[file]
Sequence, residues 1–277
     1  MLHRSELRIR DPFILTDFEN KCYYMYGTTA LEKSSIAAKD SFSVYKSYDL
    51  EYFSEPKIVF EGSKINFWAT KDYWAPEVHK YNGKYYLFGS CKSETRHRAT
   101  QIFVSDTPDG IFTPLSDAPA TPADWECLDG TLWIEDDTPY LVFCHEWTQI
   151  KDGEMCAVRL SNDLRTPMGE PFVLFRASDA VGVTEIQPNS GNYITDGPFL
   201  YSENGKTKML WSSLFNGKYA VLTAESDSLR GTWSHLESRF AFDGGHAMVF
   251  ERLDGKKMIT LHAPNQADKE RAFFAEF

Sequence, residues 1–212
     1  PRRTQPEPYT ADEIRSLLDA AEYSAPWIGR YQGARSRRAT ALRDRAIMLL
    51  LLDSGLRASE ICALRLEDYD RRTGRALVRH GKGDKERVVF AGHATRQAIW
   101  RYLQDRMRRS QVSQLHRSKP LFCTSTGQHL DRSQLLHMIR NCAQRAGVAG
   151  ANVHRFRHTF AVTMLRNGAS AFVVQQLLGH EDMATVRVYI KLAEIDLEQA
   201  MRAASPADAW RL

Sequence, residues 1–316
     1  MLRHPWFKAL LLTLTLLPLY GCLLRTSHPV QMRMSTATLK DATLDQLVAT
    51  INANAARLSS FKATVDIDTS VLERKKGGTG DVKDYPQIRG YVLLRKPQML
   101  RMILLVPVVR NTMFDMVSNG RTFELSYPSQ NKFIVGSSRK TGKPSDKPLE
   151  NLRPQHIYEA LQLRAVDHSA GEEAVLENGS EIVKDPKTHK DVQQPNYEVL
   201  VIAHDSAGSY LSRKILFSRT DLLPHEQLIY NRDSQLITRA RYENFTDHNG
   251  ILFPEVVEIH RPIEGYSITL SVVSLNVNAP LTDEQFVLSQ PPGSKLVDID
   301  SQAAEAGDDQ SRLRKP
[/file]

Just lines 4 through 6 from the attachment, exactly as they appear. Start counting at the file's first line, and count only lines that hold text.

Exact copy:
   101  QIFVSDTPDG IFTPLSDAPA TPADWECLDG TLWIEDDTPY LVFCHEWTQI
   151  KDGEMCAVRL SNDLRTPMGE PFVLFRASDA VGVTEIQPNS GNYITDGPFL
   201  YSENGKTKML WSSLFNGKYA VLTAESDSLR GTWSHLESRF AFDGGHAMVF